Adrian Peterson defies time and physics in what he can still do on the football field. His ability to change directions instantly, the speed he still posesses, and his ability to play through multiple injuries is astonishing. He ran for 99-yards on 24-carries with a 4.1 yard per carry average. 
      Kapri Bibbs, the other back; added just 13-yards rushing. But as a receiver he caught 4 passes for 43-yards and the first touchdown of the game.
      Josh Doctson reeled in 3-receptions for 43-yards. Jordan Reed added 43-yards on his two catches. Maurice Harris logged 2 for 22-yards.
      Alex Smith had a adequate outting. He went 14/25 for 178 yards and a touchdown for a quarterback rating of 98.1. He was sacked once.
      His obvious miss of Jeremy Sprinkle running free in the end zone is almost cause for termination. Connect on that throw and the game is much more comfortable at the end. 
      The real stars of this show were the fat guys in the trenches. The offensive line that opened highway lane-wide holes for Peterson to run through, and the defensive line that wreaked such havok all game. 
       
      But we have to thank Dallas as well for things like an illegal snap to back the field goal unit up at the end. The holding call that negated the big gain one play before the sack/fumble/score was huge. They seemed to find ways to beat themselves.
       
      Despite the above, Dallas was right there until last miss that struck the goalpost. The win was entirely too close for comfort.
       
      But now that's it's over, I sure am enjoying the win.
       
      The Redskins sit alone at the top of the division after 6-weeks. They travel to New York next week where they can continue to help themselves with a win.
       
      But just because New York currently resides in the toilet does not mean they intend to roll-over and play dead. Washington will have their hands full if they don't get more production out of the offense.
       
      That's next week though. For now, I am intent on  enjoying an excellent victory. Against the Dallas Cowboys.
       
      What's not to like?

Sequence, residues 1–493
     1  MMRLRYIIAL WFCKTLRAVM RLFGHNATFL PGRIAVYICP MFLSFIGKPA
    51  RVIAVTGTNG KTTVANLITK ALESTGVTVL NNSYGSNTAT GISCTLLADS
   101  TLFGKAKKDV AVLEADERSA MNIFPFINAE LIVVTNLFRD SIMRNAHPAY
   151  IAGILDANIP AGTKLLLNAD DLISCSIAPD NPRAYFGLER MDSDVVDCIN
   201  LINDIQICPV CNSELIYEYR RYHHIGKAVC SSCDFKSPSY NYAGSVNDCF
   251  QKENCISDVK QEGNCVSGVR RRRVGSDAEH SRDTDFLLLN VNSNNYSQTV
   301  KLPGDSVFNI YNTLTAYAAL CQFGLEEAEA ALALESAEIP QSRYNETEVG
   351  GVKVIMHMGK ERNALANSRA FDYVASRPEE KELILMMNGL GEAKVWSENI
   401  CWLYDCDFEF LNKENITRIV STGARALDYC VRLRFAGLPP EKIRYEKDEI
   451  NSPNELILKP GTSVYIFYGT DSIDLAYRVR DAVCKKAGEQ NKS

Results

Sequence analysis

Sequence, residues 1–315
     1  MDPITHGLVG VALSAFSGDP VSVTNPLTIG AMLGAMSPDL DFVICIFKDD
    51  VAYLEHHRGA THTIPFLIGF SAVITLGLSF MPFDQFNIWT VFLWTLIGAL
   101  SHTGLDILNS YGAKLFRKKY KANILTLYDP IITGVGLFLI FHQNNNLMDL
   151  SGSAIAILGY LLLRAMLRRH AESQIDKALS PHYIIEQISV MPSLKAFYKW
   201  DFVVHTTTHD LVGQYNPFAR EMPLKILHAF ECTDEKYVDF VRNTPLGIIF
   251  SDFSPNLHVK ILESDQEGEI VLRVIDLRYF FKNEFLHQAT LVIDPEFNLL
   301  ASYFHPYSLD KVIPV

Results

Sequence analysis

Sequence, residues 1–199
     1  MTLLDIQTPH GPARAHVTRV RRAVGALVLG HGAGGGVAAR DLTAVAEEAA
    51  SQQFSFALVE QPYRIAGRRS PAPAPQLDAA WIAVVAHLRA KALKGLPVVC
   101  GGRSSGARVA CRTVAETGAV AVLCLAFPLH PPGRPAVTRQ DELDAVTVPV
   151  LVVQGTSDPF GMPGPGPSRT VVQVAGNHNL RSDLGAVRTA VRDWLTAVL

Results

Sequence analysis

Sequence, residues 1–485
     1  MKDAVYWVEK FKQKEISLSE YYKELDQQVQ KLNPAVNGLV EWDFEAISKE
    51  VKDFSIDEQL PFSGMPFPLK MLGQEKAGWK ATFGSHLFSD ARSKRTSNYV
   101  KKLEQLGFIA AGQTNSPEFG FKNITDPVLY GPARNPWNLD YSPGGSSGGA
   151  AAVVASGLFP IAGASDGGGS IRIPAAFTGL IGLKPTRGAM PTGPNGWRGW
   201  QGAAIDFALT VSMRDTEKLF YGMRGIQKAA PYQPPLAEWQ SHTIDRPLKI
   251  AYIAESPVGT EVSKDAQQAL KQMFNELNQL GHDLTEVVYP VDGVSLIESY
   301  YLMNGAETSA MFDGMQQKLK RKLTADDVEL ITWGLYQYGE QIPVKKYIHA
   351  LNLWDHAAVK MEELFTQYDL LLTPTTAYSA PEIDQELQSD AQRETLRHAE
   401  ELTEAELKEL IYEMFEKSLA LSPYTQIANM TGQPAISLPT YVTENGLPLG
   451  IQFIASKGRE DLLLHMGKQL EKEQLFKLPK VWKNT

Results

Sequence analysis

Talk soon!
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BenningRoadSkin

Seattle Times: Nearly Every Native American Woman in Seattle Surveyed was a Victim of Rape or Coerced into Sex

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In the survey of 148 Native American and Alaska Native women, more than half the women — 53 percent — were homeless at the time they answered the questions.


By Vianna Davila 

Seattle Times staff reporter
 

When Abigail Echo-Hawk first started her job as director of the Urban Indian Health Institute, she felt compelled to open the bottom drawer of a file cabinet in the corner of her office.

 

The Seattle Times’ Project Homeless is funded by BECU, The Bill & Melinda Gates Foundation, Campion Foundation, the Paul G. Allen Family Foundation, Raikes Foundation, Schultz Family Foundation, Seattle Foundation, Seattle Mariners, and Starbucks. The Seattle Times maintains editorial control over Project Homeless content.

 

Among a dozen files inside, she noticed one labeled “Sexual Violence.”

 

Echo-Hawk had stumbled upon a copy of questions from a 2010 survey, co-produced by the health institute and the Centers for Disease Control and Prevention (CDC), documenting experiences of sexual violence among Native-American women living in Seattle.

 

The survey findings alone are shocking: 94 percent of the 148 women interviewed, all of whom identified as American Indian or Alaska Native, reported they had been raped or were coerced into sex at least once in their lives.

 

And more than half the women — 53 percent — were homeless at the time they were surveyed.

 

But also surprising was the fact the survey results had been kept under wraps for six years by the time Echo-Hawk discovered them in her desk in 2016. Results from two other surveys on sexual violence, done in two other U.S. cities at the same time as the Seattle report, had long ago been released.